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S.E.Hinton

S.E. Hinton is an American author of young adult fiction. She is best known for her YA novels set in Oklahoma, mainly The Outsiders, published in 1967. In 1988 she received the inaugural Margaret Edwards Award from the American Library Association for her cumulative contribution to writing for teens.

Susan Eloise Hinton was born in Tulsa, Oklahoma. She wrote her first book when she was just 17 years old. Two rival gangs at her Will Rogers High School inspired the book. Hinton wrote The Outsiders because she was dissatisfied with the literature for young adults.

Once published in 1967 by Viking Press, the novel gave her a lot of publicity, fame, and pressure. A film adaptation was produced in 1983 by Francis Ford Coppola, and a short-lived TV series appeared in 1990.

Since then, the book has sold more than 14 million copies. In 2017, Viking stated the book sells over 500,000 copies a year. In 2019, BBC News listed The Outsiders among the 100 most influential novels.

S.E. Hinton has written several other novels, including Rumble Fish (1975) and Tex (1979). It received excellent reviews, and critics noted that her writing style has matured since previous publications.
However, Hinton's books were banned in some schools.

In 1985 the film version of That Was Then, This Is Now was released. Three years later, S.E. Hinton became the first person to receive the YASD/SLJ Author Achievement Award from the Young Adult Services Division of the American Library Association and School Library Journal.

S.E. Hinton is considered a classic of young adult literature. Her novels often deal with the struggles of young people growing up and finding their place in the world.

S.E. Hinton currently still lives in Tulsa with her husband, David.
years of life: 22 July 1948 present

Books

Quotes

Waihas quoted4 months ago
looked at the other photographs. They were mostly of people. They all looked like paintings. The magazine said that the person who took them was famous for her photos looking like paintings.

“Wow,” I said. “Wait till I tell everybody.”

“Don’t, Rusty-James. I’d rather you didn’t tell anybody. God knows it’s gonna get around soon enough.”

He had been acting a little weird ever since he got back. He had a funny look on his face now, so I said, “Sure.”

“It’s a bit of a burden to be Robin Hood, Jess
Waihas quoted4 months ago
“Safer,” I said. I guess he thought we should be trotting down the sidewalk, when God knows what was waiting in the doorways. Sometimes Steve was really dumb.

I kept thinking I saw something moving, out of the corner of my eye, but every time I turned around, it was just a shadow laying black against a doorway or an alley. I started through the alleys, looking for shortcuts.

“I thought we were sticking to the streets,” Steve whispered. I didn’t know why he was whispering, but it wasn’t a bad idea.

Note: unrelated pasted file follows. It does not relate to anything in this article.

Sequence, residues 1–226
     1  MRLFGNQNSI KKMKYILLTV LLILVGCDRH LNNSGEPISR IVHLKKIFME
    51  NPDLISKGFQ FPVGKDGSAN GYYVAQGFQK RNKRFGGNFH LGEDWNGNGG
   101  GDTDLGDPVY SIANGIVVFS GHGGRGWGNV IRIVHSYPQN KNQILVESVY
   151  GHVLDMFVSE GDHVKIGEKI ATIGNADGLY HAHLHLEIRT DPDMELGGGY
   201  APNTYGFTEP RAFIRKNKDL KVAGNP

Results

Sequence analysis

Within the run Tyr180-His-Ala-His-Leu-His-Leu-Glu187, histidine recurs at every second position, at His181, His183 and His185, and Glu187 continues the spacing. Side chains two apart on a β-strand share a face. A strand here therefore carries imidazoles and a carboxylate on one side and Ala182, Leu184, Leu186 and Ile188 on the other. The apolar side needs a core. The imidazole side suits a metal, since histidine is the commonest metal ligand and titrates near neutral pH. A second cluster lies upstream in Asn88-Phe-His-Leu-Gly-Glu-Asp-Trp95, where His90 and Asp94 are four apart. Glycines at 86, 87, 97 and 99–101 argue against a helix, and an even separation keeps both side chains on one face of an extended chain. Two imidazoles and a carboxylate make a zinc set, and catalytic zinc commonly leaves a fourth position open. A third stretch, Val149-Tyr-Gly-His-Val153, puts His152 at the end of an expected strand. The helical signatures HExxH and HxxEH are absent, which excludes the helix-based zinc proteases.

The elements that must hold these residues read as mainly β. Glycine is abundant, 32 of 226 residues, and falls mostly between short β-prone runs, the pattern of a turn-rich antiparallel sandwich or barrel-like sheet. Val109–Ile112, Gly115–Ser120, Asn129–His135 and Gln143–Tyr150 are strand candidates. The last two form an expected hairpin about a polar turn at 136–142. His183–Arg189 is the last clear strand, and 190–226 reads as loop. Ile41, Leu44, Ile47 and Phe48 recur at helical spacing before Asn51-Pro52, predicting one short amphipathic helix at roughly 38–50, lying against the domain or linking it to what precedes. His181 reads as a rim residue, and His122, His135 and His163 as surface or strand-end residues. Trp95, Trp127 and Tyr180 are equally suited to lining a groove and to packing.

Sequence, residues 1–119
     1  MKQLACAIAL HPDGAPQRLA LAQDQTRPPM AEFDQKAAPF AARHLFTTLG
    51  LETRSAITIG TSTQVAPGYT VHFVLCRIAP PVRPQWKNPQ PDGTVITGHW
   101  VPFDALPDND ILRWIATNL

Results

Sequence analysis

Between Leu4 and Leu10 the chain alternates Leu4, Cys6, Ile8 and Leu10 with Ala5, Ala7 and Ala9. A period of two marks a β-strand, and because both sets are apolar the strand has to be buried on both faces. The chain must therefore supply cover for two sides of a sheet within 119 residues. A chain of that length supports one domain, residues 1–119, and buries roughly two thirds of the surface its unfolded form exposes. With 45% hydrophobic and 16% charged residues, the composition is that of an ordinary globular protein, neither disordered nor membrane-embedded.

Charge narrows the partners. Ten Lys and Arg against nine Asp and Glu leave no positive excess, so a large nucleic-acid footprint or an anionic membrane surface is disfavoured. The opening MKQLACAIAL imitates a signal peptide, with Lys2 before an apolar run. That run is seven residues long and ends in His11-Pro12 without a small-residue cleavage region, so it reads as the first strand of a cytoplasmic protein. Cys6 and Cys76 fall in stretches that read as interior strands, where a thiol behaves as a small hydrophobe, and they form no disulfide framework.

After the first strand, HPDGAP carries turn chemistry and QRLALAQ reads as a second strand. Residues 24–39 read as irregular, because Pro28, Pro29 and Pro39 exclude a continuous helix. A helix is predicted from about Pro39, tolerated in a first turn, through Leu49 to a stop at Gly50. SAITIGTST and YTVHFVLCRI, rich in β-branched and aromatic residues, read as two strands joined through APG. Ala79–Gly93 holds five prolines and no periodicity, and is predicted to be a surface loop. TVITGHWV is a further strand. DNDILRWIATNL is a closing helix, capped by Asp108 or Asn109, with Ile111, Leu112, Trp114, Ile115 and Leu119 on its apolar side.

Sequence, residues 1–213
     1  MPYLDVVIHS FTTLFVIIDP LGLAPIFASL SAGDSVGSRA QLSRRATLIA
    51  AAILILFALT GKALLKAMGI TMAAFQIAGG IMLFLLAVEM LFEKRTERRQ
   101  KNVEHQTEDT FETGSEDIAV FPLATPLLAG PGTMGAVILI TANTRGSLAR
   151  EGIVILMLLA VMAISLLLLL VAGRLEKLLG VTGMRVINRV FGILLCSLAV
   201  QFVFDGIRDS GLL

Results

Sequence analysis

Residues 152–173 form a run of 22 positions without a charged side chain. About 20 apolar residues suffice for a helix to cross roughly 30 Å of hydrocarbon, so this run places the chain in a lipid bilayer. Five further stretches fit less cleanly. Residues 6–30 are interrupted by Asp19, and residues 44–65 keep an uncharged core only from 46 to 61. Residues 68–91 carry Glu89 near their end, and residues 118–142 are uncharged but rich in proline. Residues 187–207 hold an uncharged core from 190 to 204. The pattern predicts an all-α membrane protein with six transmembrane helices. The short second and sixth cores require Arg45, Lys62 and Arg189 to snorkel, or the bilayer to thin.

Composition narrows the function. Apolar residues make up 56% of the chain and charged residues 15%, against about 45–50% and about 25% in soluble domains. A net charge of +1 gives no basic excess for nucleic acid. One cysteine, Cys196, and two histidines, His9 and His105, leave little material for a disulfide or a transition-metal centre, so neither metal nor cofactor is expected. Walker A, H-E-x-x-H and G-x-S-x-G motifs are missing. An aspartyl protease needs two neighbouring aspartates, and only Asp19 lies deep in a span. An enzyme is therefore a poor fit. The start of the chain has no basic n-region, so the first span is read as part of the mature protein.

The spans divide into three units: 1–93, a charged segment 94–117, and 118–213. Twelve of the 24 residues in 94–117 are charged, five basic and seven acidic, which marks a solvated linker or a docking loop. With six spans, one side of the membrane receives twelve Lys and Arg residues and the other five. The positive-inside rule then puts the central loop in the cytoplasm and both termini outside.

“I’m in a hurry.”

“Well, if you’re scared, I guess I should be terrified.”

“I ain’t scared. Bein’ in a hurry don’t mean you’re scared. I don’t like creepy empty places. That ain’t bein’ scared.”

Steve mumbled something that sounded like “Same thing,” but I didn’t want to stop and argue with him.

“Hey, slow it down, willya?” he called.

I slowed down all right. I stopped. Two live shadows stepped out of the dark ones to block the alley. One was white. One was black. The black had something in his hand that looked like a tire tool. Actually, it was a relief to see them. I was almost glad to see anybody.

Steve said, “Oh, God, we’re dead,” in a singsong voice. He was absolutely frozen. I wasn’t counting on any help from him. I just stood there, gauging the distances, the numbers, the weapons, like the Motorcycle Boy had taught me to, a long time ago, when there were gangs.

“You got any bread?” said the white guy. Like he wasn’t going to kill us if we had. I knew if we handed them a million dollars they’d still bash us. Sometimes guys just go out to kill people.

“Progressive country, integrated mugging,” Steve muttered. He surprised me by showing he did have some guts, after all. But he still couldn’t move.

I thought about a lot of things: Patty—she’d really be sorry now—and Coach Ryan, bragging that he knew me when. I pictured my father at my funeral saying, “What a strange way to die.” And my mother, living in a tree house with an artist—she wouldn’t even know. I thought about how everybody at Benny’s would think it was cool, that I went down fighting just like some of the old gang members had. The last guy who was killed in the gang fights was a Packer. He had been fifteen. Fifteen had seemed really old then. Now it didn’t seem too old, since I wasn’t going to see fifteen myself.

Since Steve had said something, I had to say something, even though I couldn’t think of anything besides “Bug off.”

Now h
b5225420073has quoted14 days ago
He had strange eyes—they made me think of a two-way mirror. Like you could feel somebody on the other side watching you, but the only reflection you saw was your own.

Impressions

b5225420073shared an impression13 days ago
🔮Hidden Depths
👍Worth reading

i think this is a very good book , really makes you think and the end is quite confusing

  • S.E.Hinton
    Rumble Fish
    • 1.5K
    • 62
    • 16
    • 27
    Books
  • irl mark jenningsshared an impressionlast year
    💞Loved Up
    👍Worth reading

    God I loved this book so much. I never give serious replies so my final words are mark wasn't in the wrong and I adore him. poor boy deserved betyer

  • unavailable
  • b7293576639shared an impressionlast year
    🔮Hidden Depths
    💡Learnt A Lot
    🎯Worthwhile
    💞Loved Up
    👍Worth reading

  • S.E.Hinton
    Rumble Fish
    • 1.5K
    • 62
    • 16
    • 27
    Books
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